In southern Madagascar, families go to bed and wake up hungry and thirsty, missing meals and drinking water because they don’t have anything to eat and drink.
“The past months had been terribly difficult. Before, we drink water to fill in our empty stomachs before going to bed, but now it got worst. We end up sleeping hungry and thirsty and wake up with mouth and throat dried up because we don’t have food and water to drink,” Zaferina, a mother of 10 children, says.
Due to long-term and severe drought in southern Madagascar, also known as Grand South, water sources are drying up making it difficult to grow food and look for water for drinking and for household and personal use.
She and her husband spend most of their time searching and fetching water. For Zaferina and all their neighbours, fetching water would likely mean they no longer have time for other chores.
“Most of the time, we find a water source after five hours of walking but the water we get is not enough to cover the needs of a family of 11. It is an exhausting chore,” she says.
According to Zaferina, she and her husband used to start their day at four in the morning to go to a nearby river to scoop water from an almost dried-up river.
“It takes five and half hours of walking before we could get water. I carry 15 litres on my head while my husband carries two buckets,” she adds.
“We couldn’t go there every day because it’s very far and tiring. We are forced to manage using 45 litres of water for two days. The water is only limited to cooking and drinking, and we use soil for our hands. But sometimes, we go to bed and wake up with a dried mouth and throat because we no longer have water left in our containers,” she adds.
Zaferina’s struggles eased when Medair stepped up. Medair delivers water to different villages through a water truck in five water points.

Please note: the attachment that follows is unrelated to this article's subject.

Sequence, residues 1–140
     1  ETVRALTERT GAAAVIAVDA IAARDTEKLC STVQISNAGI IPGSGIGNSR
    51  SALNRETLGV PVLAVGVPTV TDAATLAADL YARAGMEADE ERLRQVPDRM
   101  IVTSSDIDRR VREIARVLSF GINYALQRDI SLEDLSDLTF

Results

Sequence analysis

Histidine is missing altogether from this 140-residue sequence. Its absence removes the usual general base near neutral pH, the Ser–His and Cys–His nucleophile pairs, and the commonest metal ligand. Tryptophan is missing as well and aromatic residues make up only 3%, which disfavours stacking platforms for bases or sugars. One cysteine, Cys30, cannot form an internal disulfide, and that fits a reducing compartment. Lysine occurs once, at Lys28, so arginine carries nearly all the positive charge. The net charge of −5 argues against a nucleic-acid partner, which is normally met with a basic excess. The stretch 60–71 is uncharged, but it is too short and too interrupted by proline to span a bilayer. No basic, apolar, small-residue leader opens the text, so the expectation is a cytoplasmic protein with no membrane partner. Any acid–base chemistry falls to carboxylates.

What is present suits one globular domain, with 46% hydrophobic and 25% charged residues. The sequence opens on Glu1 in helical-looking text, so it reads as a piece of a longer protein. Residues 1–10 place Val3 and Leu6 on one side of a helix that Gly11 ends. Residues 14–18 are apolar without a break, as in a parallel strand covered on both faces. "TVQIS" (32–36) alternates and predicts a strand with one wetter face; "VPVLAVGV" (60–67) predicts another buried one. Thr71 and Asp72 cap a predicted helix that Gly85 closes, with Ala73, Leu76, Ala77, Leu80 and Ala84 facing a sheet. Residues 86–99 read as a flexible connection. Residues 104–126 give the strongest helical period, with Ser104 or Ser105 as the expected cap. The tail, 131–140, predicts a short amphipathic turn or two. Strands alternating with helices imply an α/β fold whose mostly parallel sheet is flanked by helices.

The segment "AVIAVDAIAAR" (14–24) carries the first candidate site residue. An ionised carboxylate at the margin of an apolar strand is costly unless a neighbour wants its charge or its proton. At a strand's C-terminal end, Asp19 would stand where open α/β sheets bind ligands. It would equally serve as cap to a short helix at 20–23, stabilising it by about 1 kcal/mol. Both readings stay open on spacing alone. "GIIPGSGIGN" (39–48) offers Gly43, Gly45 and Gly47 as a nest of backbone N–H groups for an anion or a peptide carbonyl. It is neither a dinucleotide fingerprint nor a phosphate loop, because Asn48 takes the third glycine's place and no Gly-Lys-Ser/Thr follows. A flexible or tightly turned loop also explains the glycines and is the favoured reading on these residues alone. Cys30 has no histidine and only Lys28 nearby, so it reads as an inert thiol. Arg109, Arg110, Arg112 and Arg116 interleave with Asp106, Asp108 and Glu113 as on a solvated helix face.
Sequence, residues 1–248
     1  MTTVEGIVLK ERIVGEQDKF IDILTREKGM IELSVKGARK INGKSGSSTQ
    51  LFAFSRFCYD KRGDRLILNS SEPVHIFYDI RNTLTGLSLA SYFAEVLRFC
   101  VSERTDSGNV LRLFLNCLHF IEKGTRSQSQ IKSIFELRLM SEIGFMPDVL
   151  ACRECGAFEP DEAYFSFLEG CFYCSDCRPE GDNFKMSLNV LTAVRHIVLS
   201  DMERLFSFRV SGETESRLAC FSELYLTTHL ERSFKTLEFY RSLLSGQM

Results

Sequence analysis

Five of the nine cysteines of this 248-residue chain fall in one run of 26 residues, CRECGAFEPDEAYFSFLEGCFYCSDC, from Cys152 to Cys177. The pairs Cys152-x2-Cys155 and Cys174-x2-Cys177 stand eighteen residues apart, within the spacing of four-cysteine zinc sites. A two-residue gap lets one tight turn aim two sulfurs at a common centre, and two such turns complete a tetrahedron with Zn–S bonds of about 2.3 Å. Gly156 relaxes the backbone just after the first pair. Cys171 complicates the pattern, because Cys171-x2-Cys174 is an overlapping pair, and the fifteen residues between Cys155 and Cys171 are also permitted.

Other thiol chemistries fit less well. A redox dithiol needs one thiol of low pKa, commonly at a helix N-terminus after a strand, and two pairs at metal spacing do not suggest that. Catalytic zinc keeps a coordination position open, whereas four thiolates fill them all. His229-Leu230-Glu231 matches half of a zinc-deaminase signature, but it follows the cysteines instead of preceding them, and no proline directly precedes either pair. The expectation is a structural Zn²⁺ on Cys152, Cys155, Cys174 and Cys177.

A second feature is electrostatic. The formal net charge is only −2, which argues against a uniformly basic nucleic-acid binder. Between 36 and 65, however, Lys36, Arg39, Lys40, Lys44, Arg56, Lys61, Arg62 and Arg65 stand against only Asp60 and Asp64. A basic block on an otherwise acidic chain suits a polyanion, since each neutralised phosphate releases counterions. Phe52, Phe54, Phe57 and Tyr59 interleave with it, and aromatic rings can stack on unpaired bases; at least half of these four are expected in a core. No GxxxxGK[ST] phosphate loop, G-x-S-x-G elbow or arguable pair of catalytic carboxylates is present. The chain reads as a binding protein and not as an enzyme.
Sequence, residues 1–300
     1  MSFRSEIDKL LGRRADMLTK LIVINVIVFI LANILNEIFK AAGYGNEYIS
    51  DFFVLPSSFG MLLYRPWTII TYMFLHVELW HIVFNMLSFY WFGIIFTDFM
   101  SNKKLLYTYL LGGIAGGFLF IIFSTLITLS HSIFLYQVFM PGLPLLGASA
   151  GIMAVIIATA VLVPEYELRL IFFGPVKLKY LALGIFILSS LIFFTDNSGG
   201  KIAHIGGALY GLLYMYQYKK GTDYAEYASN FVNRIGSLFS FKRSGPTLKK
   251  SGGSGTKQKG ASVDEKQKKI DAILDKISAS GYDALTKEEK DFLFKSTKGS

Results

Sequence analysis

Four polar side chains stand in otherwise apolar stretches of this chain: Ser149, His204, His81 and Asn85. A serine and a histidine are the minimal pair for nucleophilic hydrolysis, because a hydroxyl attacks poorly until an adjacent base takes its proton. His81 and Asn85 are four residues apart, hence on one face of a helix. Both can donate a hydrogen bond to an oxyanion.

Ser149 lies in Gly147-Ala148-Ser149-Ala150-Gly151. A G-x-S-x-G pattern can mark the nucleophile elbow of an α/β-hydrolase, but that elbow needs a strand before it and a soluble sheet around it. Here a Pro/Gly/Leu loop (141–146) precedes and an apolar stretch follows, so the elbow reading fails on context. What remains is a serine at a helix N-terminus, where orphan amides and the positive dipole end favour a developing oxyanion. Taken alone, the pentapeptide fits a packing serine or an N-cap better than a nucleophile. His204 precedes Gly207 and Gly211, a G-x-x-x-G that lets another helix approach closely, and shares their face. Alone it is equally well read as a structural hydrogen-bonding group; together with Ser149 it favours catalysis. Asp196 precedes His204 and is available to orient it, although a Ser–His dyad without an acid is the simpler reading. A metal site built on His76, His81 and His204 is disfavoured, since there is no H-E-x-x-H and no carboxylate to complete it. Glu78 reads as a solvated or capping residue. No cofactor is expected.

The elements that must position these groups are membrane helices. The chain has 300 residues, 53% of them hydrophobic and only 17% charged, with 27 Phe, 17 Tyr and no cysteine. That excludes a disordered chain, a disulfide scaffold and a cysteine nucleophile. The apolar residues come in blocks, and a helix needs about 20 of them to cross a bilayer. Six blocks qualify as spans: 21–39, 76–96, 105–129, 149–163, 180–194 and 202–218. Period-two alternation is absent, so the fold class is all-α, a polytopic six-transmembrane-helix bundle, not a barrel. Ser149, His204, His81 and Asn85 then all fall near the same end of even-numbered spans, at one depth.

“One of Medair’s water points is just a few meters from the house. Since then, we are less concerned about our supply of water. It has removed a huge and heavy burden for parents like us. At least now our concern is just what our children are going to eat,” she adds.
Aside from providing access to water, Medair carries out hygiene promotions for drought-stricken affected populations to mitigate the spread of infectious diseases through improved personal, domestic, and food hygiene practices.
“Medair’s support is once in a lifetime, so the community takes an extra effort to ensure that the water points are well maintained. We have elected a set of officers to ensure the maintenance of the water points is looked into,” she adds.
Zaferina is one of the 8100 people in 16 villages that benefit from the project. At the time of writing, Medair is close to completion of the 54m3 reservoir and 7,9km pipeline, aiming to improve the health and well-being of villagers that need access to safe and clean drinking water.
This initiative is co-funded by Swiss Development & Cooperation, Rotary International, IndoSuez, Ernst Göhner Foundation, and Agence de l’eau.
This content was produced with resources gathered by Medair field and headquarters staff. The views expressed herein are those solely of Medair and should not be taken, in any way, to reflect the official opinion of any other organisation.